Sunday, April 10, 2016

The Thunder God

As a commercial pilot, I've encountered some peculiar happenings that aren’t likely to be experienced by the ground bound. For instance, being caught in stormy weather in an open cockpit.

Once I was flying cross country en route form my maintenance base in Oklahoma to my home base in East Texas. I was caught in a tremendous line of heavy thunder storms. My Stearman was not equipped for flying by instruments. I was strictly VFR (visual flight rules) with only a magnet compass, and that very untrustworthy. I was navigating by landmarks, having flown the route a number of times before. 

As the sky darkened I was forced to fly quite low to stay clear of lowering stormy looking clouds. It began to rain and lightning began to flash. Thunder claps were loud enough that I could hear them over the roar of my Pratt Whitney engine. The rain became heavy to the point that my forward visibility was limited to about a half mile or less. I was a bit worried and was reminded of a poem I had written some years back.


The thunder god rears his awesome head
And rumbles his warning dark and dread.
No prudent airman dares to tread
Too near this angered giant.

On convective energy he mounts the sky
‘Till his anvil head is five miles high
With an electric flickering in his evil eye
He mutters and rumbles and threatens - Defiant.

His approach is announced by ominous sound
With throaty booms that shiver the ground.
Menacingly he gathers his storm all ‘round
And the air grows sultry and still.

Scowling and growling, his fury grows.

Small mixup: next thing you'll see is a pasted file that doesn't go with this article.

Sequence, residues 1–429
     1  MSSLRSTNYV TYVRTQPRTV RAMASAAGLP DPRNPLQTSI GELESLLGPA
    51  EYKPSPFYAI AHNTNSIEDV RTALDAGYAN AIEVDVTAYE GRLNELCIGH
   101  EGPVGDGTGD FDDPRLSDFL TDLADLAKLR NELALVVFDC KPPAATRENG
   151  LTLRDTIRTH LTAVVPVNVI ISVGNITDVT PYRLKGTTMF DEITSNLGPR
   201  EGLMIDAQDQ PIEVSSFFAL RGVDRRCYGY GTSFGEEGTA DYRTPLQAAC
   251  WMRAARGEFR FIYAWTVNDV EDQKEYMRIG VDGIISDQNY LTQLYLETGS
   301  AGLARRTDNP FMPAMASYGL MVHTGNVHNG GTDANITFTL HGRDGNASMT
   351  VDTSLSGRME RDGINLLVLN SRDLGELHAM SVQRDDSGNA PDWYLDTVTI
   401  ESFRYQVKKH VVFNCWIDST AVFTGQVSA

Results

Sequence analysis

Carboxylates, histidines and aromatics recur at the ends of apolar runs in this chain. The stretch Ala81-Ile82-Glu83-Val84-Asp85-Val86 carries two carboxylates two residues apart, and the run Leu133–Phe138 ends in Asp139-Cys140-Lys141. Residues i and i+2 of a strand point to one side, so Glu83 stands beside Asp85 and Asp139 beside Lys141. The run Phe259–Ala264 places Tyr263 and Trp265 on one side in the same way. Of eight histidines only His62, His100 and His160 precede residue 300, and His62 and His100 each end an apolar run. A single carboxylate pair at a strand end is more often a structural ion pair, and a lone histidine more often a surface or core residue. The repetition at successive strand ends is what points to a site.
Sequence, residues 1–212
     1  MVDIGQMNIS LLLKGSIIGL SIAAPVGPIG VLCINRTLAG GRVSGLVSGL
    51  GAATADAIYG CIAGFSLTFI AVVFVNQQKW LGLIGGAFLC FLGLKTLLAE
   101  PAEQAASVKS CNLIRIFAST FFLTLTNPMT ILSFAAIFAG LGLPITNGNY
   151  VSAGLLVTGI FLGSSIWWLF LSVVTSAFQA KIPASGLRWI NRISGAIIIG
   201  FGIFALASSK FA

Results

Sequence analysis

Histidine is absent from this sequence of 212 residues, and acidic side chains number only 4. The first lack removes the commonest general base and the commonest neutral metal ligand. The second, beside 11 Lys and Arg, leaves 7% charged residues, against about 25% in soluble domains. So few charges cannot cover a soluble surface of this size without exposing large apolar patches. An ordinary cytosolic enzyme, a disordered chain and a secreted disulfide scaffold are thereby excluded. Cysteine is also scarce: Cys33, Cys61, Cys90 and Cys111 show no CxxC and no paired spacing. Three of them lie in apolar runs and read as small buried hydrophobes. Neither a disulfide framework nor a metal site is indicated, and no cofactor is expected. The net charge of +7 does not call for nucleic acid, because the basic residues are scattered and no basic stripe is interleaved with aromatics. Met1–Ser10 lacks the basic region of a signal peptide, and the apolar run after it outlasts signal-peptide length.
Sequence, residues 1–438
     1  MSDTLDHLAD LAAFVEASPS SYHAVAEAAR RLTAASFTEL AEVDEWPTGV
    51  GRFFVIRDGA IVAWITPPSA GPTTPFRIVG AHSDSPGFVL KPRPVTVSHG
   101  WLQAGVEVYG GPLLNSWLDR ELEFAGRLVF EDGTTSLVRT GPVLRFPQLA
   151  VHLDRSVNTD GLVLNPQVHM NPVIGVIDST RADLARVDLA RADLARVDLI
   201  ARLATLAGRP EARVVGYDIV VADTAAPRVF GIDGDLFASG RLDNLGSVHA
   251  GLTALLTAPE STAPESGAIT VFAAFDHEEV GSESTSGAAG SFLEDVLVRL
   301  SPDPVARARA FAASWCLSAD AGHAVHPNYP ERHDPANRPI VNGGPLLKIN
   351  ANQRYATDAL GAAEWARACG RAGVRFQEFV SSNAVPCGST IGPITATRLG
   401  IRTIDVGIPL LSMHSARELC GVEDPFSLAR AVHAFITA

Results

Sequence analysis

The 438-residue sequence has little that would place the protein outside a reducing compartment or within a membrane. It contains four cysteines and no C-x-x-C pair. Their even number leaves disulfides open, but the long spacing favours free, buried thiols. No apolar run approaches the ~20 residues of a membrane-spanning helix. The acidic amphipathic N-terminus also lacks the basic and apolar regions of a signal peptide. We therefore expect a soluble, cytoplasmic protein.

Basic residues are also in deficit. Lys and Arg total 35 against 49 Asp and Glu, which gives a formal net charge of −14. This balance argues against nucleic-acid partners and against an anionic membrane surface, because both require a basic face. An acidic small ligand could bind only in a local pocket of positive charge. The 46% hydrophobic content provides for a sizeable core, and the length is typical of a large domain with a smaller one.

The heavens darken and creation knows
With malevolent intent he glowers at those
Who would dare to resist his will.

There he sits astride my path,
A meteorological tower of rage and wrath
Nature’s cumulo-psychopath,
Maddened because I’ve invaded his sacred sky

I’m cautious and careful and it has served me well
So I change course and it seems I can tell
As I circumnavigate this flickering hell
Of all men, he hates most those that can fly.

So I am threading my way underneath these angry giants, hunkered down behind the small windshield, hoping to stay dry. It’s a losing battle though - soon I’m sopping wet. The giants are hurling thunderbolts at me but so far they have missed. 

The rain gets heavier with small hail mixed in. If the hail gets larger, I will be forced to land some place like a pasture or a country road. After about an hour I can see my home town and then my home base runway. I put the wheels down ever so gently. Actually I am water skiing until the ship slows down and the tires touch the ground. Sheets of water are sent out each side. I slow down and turn off the runway and taxi into the hanger. My boots are full of water and I am soaked to the bone.

My brother, also a pilot, is in the hanger to greet me. I climb out and he gives me a look of disgust and says, "Brother Dale, I would have thought you had better sense than to be flying in weather like this."

I agreed with him. It was foolish but at least I was home.

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